The Telegraph
Since 1st March, 1999
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Cleansing the soul of the taint of Christianity is an easier job than cleansing the soul of greed. That seems to be the inescapable moral of the tale of Mr Dilip Singh Judeo, now resigned Union minister of state for environment and forests, Christianity-basher and anti-conversion campaigner par excellence. The Bharatiya Janata Party rallied vociferously to Mr Judeo’s defence the moment the cash-on-disc scandal broke and started accusing the Congress for having framed the minister. The prime minister has put a mild brake on all this perverse excitement by ordering a Central Bureau of Investigation inquiry and saying that Mr Judeo would have to go if proven guilty. It is a modulation of tone, not necessarily a change in the party’s intention. The CBI reports to the prime ministers’ office; its inquiries may take a very long time — quite justifiably perhaps, since such matters are extraordinarily delicate, involving people in the highest places. Even the Supreme Court has expressed some concern about delayed results, and the Congress chief, Ms Sonia Gandhi, has demanded that the evidence be protected. Given that the Congress already has Tehelka and “coffingate” on the lengthy list of scandals associated with the BJP-led National Democratic Alliance government, Mr Judeo’s recorded eagerness to facilitate mining in Chhattisgarh and Orissa is a gift from the gods just before the assembly elections.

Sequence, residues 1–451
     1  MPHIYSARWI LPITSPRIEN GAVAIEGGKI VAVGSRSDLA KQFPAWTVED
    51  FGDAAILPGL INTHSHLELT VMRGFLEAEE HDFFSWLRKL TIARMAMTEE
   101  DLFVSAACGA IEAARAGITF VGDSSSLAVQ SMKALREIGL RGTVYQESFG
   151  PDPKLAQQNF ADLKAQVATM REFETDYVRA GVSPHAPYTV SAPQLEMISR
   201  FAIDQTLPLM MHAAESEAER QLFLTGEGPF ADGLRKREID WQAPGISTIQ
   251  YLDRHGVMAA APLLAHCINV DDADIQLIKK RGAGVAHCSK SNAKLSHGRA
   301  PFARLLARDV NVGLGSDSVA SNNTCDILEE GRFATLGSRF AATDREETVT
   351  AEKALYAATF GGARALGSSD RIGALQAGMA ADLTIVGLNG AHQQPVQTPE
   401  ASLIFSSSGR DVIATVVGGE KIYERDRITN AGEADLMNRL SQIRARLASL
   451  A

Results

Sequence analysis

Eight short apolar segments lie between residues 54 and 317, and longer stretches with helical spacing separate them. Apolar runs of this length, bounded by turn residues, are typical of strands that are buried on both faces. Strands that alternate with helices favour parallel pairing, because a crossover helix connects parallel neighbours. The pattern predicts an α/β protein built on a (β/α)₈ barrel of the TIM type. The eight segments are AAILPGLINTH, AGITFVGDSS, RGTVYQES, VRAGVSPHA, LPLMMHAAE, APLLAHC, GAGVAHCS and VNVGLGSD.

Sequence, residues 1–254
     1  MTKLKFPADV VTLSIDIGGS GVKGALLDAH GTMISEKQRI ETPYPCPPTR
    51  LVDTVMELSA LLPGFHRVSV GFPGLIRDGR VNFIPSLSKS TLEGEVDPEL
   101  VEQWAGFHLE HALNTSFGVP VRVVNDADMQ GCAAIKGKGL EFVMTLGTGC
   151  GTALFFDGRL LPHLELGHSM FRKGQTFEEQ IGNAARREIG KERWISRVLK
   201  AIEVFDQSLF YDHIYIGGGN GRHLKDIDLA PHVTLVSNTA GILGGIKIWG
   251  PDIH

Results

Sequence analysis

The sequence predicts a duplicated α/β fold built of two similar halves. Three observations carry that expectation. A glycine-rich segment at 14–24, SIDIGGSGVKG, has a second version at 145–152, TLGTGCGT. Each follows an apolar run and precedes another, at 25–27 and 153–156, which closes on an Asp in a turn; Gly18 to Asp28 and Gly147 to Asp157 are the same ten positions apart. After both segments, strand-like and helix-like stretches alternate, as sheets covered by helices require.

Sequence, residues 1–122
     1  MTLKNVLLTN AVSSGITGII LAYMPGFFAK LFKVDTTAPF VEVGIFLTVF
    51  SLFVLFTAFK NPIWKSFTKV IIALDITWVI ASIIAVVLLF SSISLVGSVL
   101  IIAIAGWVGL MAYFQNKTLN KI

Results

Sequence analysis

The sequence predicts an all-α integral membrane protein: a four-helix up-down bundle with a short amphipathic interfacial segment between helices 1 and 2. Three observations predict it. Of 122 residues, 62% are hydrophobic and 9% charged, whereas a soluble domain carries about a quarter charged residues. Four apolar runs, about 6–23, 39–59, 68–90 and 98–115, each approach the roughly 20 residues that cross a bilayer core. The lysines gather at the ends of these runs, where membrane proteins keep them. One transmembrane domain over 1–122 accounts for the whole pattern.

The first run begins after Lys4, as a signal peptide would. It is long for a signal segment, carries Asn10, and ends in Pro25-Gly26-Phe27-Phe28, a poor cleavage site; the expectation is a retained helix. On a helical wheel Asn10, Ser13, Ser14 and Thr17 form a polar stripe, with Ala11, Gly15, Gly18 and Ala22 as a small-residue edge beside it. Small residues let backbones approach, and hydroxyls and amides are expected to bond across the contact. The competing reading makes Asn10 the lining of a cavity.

Mr Atal Bihari Vajpayee’s statements have bestowed a veneer of decency on the aftermath of the exposure. Mr Judeo, professedly unasked, has resigned on “moral grounds”. It seems possible that his official position has been kept “on hold” by the party, as was Mr George Fernandes’s after Tehelka. Meanwhile, Mr Judeo will be a central figure in the party campaign in Chhattisgarh — the BJP finds no reason to sacrifice his tribal following, and a case made for his heroic stature as a Hindu combined with possible martyrdom would help immensely. So the theory of a Congress conspiracy is being enriched by repeated references to Mr Ajit Jogi, who has not resigned in spite of forgery charges against him. Sting for sting has always been the BJP’s defensive policy, and the ubiquitous presence of corruption across the political board makes this easy. All that the BJP has had to give up is the vaunted label, “party with a difference”. No one associates austerity with the BJP any more. But the real question is whether all this smug piety on the one side and embarrassed defiance on the other mean anything. Is corruption an electoral issue' Since everyone is corrupt, the electorate might find other reasons to vote. Or not.

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